|Add cash book receipts (total for
|Less cash book payments (total for
|Balance at end of month (in hand)
|2: Bank reconciliation from the bank
|Balance at end of month
(from bank statement)
|Add outstanding bankings
(bankings made in the last few days of the month that do not appear on
the statement until after the end of the month)
|Less outstanding cheques
written before the end of the month but not yet presented to the bank
|Balance at end of month:
If after your reconciliation there is still a difference between the two
balances, check the cash book and bank statements in detail to find the
Common mistakes are:
|Cheques either not recorded in the cash book or entered twice
|Standing orders or direct debits not recorded
|Bankings or direct credits not recorded
|Mis-additions in the cash book
|Cheques still outstanding from the previous month|
You should amend the cash book to agree with your bank reconciliation.
FINANCIAL AND NON-FINANCIAL KEY
If you are not measuring the performance of your business, then:
|you have no way of knowing how well you are doing
|you canít make improvements
|you are unlikely to spot critical trends in your business performance
that need to be corrected.|
If things are going wrong, the sooner you can spot trouble (for example,
a deteriorating profit trend or a blow-out in overhead costs) the sooner you
can take corrective action. Speedy intervention can save a business.
other hand failure to spot dangerous trends can lead to business collapse.
In every business there are key areas that need to be measured against a
benchmark on a regular basis. These are known as Key Performance Indicators
(KPIs). They can be divided into financial and non-financial KPIs.
Examples of financial KPIs
|Gross profit percentage. How does this percentage compare to
previous figures or to a benchmark figure for your industry?
|Operating profit as a percentage of income. Is this rising or
|Debt collection period. How many days, on average, it takes you
to collect debts. The more you can improve this figure, the better your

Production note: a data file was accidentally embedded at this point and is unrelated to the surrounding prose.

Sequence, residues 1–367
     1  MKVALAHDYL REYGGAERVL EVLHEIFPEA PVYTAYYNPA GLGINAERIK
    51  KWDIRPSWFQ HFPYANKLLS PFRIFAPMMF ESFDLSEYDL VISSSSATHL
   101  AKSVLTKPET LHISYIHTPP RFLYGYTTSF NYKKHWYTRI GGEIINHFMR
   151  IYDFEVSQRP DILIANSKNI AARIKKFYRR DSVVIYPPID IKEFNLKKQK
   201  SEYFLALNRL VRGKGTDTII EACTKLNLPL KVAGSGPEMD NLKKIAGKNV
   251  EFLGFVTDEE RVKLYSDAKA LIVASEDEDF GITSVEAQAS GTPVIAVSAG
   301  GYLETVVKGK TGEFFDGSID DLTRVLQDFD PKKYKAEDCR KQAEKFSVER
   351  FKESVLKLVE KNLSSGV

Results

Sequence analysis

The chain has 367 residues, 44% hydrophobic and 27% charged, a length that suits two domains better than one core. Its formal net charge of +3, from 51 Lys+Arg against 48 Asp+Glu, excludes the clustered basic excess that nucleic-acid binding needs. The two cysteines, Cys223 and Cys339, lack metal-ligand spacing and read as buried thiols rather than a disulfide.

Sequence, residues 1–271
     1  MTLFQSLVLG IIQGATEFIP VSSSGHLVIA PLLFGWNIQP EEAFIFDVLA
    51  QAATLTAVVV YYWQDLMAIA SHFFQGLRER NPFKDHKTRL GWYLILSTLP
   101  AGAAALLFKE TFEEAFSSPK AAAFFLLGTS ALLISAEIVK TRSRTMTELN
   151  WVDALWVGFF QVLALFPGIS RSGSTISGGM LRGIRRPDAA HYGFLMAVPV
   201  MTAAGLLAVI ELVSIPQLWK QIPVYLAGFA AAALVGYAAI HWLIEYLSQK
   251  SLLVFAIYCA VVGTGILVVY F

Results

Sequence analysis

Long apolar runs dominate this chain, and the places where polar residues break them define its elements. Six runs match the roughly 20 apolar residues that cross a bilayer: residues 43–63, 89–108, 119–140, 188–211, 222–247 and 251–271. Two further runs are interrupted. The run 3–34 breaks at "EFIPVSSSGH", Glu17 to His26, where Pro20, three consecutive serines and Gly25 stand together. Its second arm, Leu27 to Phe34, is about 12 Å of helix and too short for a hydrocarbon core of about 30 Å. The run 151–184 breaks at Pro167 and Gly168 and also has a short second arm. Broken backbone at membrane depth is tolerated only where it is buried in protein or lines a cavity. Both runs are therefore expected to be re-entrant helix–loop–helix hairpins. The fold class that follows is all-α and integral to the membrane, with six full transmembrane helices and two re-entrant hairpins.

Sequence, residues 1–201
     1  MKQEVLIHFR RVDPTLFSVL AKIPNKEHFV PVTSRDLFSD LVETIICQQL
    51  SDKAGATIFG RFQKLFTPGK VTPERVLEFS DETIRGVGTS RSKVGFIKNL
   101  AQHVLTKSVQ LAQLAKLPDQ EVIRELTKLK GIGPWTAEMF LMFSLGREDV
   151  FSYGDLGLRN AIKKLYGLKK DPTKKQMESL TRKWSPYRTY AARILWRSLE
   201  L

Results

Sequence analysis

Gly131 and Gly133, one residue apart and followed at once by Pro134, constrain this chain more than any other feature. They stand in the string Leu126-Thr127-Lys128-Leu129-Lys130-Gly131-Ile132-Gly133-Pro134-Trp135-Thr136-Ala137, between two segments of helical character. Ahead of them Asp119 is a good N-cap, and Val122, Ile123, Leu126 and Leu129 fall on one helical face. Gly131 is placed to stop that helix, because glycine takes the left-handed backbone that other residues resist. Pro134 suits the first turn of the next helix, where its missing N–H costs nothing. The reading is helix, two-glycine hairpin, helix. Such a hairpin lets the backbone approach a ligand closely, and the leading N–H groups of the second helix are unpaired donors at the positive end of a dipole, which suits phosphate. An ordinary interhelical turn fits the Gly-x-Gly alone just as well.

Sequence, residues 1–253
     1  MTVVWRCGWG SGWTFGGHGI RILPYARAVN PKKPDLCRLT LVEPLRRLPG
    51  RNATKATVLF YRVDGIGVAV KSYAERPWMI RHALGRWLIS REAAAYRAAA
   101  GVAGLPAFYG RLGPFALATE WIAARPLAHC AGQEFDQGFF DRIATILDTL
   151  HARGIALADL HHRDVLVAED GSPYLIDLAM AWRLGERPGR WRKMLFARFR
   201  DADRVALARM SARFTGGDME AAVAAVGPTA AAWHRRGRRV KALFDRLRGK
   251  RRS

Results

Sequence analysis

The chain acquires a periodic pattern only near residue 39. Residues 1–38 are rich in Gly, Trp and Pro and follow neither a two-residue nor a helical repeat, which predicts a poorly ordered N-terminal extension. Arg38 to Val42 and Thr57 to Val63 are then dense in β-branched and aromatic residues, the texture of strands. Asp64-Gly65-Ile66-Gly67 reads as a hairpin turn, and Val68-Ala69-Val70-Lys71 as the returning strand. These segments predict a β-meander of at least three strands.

cashflow and working capital are likely to be.
|Quick ratio -a test of whether you can pay your debts as they
Examples of non-financial KPIs
|The return on marketing promotions. For example, coding
advertisements or including a coupon to measure the number of sales from
each advert or the returns from a direct mail campaign. Knowing the
returns will allow you to work out if the exercise is worth repeating or
whether you need to change the advert or direct marketing package.
you donít measure the returns, you really have no way of knowing
whether you are wasting your time and money.
|Employee turnover and the number of sick days. These two
measurements provide an indication of employee motivation and morale.
|Customer service satisfaction. One way to gauge customer
satisfaction is to use mystery shoppers.
|Customer conversion ratio (measures the number of customer
contacts or visits converted into actual sales). This measurement allows
you to work on sales skills and training (for instance, better telephone
answering skills) that result in a better conversion rate.
|Website visits (measures the number of Ďhitsí per webpage
per month, which webpages were most popular, and the ratio of visits to
actual sales). Your ISP provider should be able to provide these figures
which will enable you to fine-tune your website for better results.|
Non-financial KPIs are often more important as they can influence the
financial KPIs. For example, if you can improve the customer conversion
ratio this will lead to increased sales which in turn should feed into a
better operating profit.
Because there are many possible KPIs that you could measure to help you
improve your business, it is more practical and realistic to focus on a
provided in this email newsletter is for informational purposes only.
McLean and Co. accept no responsibility for the opinions and information
expressed in the information provided and it is provided "as
is" without warranty of any kind. The user
assumes the entire risk as to the accuracy and use of this document.
Readers are asked to seek professional advice pertaining to their
own circumstances. The McLean and Co. email newsletter
may be copied and distributed subject to the following conditions:
All text must
be copied without modification and all pages must be included.
must not be distributed for profit.
we can assist further, please email McLean and Co as
McLEAN AND CO. BY EMAIL BY CLICKING ON THIS LINK
BACK TO HOME PAGE